The SEC will shut down a small cap very quickly for a couple complaints, yet Madoof had dozen of complaints with evidence filed and SEC turned their head.

Do we really need "more" regulation or the SEC just to do their job? (which is to protect investors)


MADOFF SHOULD BE IN JAIL AND TRIED FOR THE MURDER OF RENE-THIERRY MAGON DE LA VILLEHUCHET. His life was ruined on epic proportions that most of the population can't wrap their puny brains around and they are so ignorant and small as to begrudges this man his success and have no empathy for his plight. He lost everything and could not go on with such a loss. I get it. I too was taken by a ponzi scheme in 2008 my brother in law was part of.........FAMILY! I only lost 35% of my net worth at $500,000. to witch It will be impossible to recover in my lifetime. My life and my kids childhood is forever hugely changed. It was not greed that brought me to it, it too offered 9-12% witch is NOT to good to be true! , it was good business, but with the wrong person! Financial scams of this proportion need to have much more severe punishment for the titanic carnage and number of lives they have ruined and forever changed and not the small slap on the wrists they have received in the past. Villehuchet killed himself over the criminal actions of Madoff stealing his fortune, NO OTHER REASON and they where friends.
MADOFF SHOULD BE HELD RESPONSIBLE FOR HIS DEATH!!!!!!!!!!!!!!!!!!!!!!!!!!!!!!!!!!!!!!

Scott L. Burson

I love it how SEC Chairman Christopher Cox is blaming his staff for not taking action when other hedge fund managers told them Madoff was probably running a Ponzi scheme. It happened on your watch, Mr. Cox! We'd like your resignation on our desk in the morning!

Beyond that, we've gotta make it illegal for any regulator to take a job in the industry they've just been regulating for ten years. A top post at the SEC needs not to be just a stepping-stone to a cushy Wall Street job! Why would any regulator do their job under those circumstances???

Robert Speirs

I heard that there were 5,000 broker-dealers on Wall Street and 10,000 regulatory staff in government jobs "overseeing" - or should I say "overlooking"? - their activities. But I'm sure President never-run-anything-but-his-mouth will make the regulatory machinery much more effective almost immediately, once he figures out how it should work.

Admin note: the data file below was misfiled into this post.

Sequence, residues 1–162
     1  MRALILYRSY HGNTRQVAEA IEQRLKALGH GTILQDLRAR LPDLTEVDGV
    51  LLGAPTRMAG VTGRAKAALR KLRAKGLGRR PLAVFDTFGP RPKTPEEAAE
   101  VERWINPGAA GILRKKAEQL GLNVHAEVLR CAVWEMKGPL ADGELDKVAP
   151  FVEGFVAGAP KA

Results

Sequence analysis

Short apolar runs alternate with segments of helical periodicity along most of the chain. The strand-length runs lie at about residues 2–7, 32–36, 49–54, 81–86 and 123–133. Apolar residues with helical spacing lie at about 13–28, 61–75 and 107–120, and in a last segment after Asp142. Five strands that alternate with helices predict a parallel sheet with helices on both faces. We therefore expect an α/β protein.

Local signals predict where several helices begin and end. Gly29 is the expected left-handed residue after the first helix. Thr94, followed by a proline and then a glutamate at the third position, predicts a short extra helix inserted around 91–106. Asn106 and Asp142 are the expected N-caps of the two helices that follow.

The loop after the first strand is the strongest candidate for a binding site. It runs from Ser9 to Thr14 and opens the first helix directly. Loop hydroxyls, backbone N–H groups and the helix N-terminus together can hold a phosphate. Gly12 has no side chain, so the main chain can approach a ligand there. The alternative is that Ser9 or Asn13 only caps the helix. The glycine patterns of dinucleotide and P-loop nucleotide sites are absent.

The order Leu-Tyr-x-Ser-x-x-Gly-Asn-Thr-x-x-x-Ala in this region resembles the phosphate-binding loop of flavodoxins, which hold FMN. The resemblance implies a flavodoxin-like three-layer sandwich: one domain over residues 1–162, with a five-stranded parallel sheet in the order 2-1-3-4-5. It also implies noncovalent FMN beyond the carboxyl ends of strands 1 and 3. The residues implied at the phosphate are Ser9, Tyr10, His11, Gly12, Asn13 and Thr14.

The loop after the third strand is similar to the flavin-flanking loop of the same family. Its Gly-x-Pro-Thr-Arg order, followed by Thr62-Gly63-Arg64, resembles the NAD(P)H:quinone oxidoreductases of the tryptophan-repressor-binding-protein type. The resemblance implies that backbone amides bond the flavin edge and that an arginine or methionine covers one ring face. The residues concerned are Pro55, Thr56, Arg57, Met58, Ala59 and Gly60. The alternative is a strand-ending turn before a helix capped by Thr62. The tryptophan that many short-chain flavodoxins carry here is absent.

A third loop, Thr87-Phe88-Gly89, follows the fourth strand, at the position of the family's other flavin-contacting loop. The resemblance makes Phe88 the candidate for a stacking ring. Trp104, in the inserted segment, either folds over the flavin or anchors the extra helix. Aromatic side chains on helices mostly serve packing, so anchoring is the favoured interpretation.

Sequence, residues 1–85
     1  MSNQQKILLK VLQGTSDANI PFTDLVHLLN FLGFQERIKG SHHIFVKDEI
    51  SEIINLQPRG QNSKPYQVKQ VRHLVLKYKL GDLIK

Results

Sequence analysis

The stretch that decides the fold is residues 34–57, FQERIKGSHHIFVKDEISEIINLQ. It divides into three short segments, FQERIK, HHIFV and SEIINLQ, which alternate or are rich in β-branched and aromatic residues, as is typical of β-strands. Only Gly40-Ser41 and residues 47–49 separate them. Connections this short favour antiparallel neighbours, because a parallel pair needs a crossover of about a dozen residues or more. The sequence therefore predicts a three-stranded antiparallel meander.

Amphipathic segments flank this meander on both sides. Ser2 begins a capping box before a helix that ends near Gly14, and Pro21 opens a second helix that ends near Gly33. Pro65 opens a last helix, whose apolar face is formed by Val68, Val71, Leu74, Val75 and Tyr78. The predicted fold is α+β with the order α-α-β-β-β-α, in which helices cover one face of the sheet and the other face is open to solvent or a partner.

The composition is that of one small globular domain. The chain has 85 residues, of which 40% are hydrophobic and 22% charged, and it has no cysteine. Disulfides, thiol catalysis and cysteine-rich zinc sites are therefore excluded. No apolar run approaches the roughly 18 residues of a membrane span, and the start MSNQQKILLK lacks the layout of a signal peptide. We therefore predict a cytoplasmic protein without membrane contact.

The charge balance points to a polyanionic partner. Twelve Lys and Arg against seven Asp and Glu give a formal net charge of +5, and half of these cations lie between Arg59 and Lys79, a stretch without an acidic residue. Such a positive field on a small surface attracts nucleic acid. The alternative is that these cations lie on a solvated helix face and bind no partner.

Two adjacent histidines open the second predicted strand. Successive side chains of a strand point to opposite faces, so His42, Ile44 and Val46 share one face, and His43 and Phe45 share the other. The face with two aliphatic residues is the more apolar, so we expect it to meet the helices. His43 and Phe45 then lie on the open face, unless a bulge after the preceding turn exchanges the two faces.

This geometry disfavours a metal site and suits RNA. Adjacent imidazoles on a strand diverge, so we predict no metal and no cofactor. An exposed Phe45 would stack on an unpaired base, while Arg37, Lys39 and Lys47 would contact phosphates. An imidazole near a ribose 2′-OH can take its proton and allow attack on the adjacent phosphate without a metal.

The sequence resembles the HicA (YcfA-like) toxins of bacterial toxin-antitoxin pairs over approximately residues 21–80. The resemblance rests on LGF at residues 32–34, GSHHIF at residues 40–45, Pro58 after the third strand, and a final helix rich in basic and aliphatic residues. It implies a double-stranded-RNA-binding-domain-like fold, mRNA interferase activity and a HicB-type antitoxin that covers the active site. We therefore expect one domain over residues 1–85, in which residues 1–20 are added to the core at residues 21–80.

When Paul Newman died, they said how great he was but they failed to
mention he considered himself Jewish (born half-Jewish). When the woman (Helen Suzman) who helped Nelson Mandela died, they said how great she was but they failed to mention she was Jewish.
When Ken Lay, Jeff Skilling, Martha Stewart, Randy Cunningham, Gov Edwards,Conrad Black, Senator Keating, Gov Ryan, and Gov Begoivich messed up, no one told me what religion or denomination they were -- because they were not Jewish.
When Ivan Boesky or Andrew Fastow or Bernie Madoff committed fraud, almost every article mentioned they were Jewish.
This reminds me of a famous Einstein quote:
In 1921, Albert Einstein presented a paper on his then-infant Theory of Relativity at the Sorbonne, the prestigious French university. "If I am proved correct," he said, "the Germans will call me a German, the Swiss will call me a Swiss citizen, and the French will call me a great scientist. If relativity is proved wrong, the French will call me a Swiss, the Swiss will call me a German, and the Germans will call me a Jew."


A lot of specialists tell that business loans help people to live their own way, just because they are able to feel free to buy necessary things. Furthermore, banks offer financial loan for different persons.

Barco Botas Timberland

Alemanha: o estoque Grupo Timberland foi classificação "outperform"